If you use a web-based e-mail service, online photo sharing or if you share ideas on forums and discussion networks, you are cloud computing. Cloud computing is data storage and applications that are kept somewhere other than your computer. This allows access to current data and software that is stored via virtual servers or computers, possibly in another part of the world.
The concept can be compared to the rollout of grid-based electricity. When implemented over a century ago, businesses and consumers no longer needed to produce their own power. Instead, they could plug into a huge network. With cloud computing, users connect to services and applications anytime as they are needed.
Examples of cloud computing include:
• SaaS stands for "Software as a Service". Rather than relying on desktop software or traditional servers, some software is hosted by a third party and available via the cloud.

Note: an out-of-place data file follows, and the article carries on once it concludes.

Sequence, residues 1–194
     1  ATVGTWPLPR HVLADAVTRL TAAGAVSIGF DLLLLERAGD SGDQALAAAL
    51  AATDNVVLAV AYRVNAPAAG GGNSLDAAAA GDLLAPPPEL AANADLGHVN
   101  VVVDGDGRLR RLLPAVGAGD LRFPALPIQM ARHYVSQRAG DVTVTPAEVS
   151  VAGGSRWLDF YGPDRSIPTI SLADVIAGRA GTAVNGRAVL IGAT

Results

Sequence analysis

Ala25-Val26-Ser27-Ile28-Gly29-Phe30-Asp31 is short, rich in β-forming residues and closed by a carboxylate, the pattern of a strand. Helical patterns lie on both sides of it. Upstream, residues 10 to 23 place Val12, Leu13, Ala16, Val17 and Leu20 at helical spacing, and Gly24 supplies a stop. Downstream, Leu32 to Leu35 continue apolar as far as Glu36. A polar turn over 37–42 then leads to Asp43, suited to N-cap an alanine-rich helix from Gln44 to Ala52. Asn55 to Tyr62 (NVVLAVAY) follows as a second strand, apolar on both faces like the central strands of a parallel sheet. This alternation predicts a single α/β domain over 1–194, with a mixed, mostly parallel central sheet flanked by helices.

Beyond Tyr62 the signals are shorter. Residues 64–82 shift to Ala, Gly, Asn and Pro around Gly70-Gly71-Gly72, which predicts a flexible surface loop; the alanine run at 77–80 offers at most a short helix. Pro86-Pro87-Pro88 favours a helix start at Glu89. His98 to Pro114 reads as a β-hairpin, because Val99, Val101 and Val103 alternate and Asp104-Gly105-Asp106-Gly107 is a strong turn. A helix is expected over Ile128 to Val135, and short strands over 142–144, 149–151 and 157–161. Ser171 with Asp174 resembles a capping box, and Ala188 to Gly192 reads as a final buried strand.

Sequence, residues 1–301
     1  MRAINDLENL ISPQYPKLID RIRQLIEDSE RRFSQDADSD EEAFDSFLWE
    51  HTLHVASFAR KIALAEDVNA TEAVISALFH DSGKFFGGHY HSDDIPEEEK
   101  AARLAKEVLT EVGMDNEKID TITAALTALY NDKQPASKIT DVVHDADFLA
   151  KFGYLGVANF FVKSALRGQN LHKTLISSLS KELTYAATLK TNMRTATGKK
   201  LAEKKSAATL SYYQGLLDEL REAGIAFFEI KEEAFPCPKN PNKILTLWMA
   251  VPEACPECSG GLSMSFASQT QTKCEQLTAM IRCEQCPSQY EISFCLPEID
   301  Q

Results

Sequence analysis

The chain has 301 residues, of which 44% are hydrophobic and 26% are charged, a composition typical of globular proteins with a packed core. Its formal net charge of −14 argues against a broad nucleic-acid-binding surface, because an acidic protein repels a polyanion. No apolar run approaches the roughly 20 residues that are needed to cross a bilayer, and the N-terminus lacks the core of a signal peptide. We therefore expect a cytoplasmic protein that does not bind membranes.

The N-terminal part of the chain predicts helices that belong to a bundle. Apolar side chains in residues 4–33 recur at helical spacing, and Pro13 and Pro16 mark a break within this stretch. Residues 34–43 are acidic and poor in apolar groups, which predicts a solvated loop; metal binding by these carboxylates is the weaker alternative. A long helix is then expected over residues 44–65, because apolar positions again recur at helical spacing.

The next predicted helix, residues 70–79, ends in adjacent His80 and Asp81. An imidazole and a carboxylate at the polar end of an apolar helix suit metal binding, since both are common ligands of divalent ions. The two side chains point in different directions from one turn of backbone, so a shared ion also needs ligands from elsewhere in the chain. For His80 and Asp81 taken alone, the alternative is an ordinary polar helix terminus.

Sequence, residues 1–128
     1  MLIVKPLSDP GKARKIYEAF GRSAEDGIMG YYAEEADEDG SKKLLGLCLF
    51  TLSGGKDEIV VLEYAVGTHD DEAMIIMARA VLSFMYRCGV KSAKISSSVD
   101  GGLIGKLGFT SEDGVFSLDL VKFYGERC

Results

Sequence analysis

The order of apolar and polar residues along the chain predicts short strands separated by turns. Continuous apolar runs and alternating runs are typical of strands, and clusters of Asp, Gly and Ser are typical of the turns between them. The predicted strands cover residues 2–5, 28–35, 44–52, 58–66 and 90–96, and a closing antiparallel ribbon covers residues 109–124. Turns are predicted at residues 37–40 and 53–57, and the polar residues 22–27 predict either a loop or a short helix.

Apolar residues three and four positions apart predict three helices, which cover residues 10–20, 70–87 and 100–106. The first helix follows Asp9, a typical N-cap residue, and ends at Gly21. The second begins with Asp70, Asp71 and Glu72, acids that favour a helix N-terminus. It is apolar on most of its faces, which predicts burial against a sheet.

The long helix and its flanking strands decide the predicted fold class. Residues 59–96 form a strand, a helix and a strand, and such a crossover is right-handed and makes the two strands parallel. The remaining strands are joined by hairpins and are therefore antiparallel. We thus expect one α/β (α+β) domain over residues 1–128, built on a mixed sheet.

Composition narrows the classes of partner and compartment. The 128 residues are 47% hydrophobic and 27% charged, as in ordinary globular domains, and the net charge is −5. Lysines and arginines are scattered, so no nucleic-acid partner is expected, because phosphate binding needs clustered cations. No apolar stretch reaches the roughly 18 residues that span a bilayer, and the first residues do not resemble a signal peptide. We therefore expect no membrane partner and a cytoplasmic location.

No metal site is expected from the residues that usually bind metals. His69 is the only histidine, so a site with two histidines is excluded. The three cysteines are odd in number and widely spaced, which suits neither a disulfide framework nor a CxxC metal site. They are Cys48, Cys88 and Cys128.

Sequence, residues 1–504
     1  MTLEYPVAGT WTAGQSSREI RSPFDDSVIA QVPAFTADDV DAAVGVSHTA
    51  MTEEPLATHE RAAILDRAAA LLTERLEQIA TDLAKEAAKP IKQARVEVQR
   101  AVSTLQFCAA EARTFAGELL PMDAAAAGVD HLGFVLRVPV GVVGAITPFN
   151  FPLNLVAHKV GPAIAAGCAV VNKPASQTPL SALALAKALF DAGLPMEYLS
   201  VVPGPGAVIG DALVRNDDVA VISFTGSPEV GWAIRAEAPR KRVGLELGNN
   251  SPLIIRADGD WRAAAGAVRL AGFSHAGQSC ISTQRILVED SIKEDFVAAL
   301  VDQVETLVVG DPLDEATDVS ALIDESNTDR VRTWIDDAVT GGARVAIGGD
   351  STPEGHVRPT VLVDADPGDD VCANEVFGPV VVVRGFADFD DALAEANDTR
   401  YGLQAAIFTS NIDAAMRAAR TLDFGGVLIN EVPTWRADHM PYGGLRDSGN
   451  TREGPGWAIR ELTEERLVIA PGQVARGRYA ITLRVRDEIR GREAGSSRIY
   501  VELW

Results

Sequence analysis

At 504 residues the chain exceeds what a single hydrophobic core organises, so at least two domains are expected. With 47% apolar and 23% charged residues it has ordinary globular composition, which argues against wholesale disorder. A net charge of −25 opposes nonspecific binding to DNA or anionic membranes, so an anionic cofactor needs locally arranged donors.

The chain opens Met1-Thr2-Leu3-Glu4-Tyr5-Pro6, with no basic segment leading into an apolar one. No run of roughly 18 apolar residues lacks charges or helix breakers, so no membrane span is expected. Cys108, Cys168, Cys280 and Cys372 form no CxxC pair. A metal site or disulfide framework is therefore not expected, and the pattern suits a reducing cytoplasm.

• Web-based e-mail services
• Online photo sharing
• Forums and discussion networks
• Social networking (Facebook, MySpace, Classmates, etc.)
• Storage services
• Spam Filtering
• Managed Security Services
• Virtual Hosting
Most of us don't give much thought to where in the world such files and services exist, just that they are available when we want them. Cloud computing provides the benefit of anytime access to data, added capabilities, increased capacity, and free software that is kept up to date.
Few would argue that the benefits of cloud computing are great and should be embraced with open enthusiasm. Like anything though, some approach the concept with distrust. Not knowing where data is stored brings up privacy and security concerns. If the data is not backed up and goes missing, who is responsible? Others believe that it's marketing hype. The concern is that people would become trapped into using proprietary systems. Another question is how the software or data becomes available if the computer is working, but the broadband Internet connection is experiencing an outage.
One thing is for sure. Cloud computing is the next stage of the Internet's evolution. Since it eliminates many of the constraints from the traditional computing environment, including space, time and cost, the cloud has changed technology.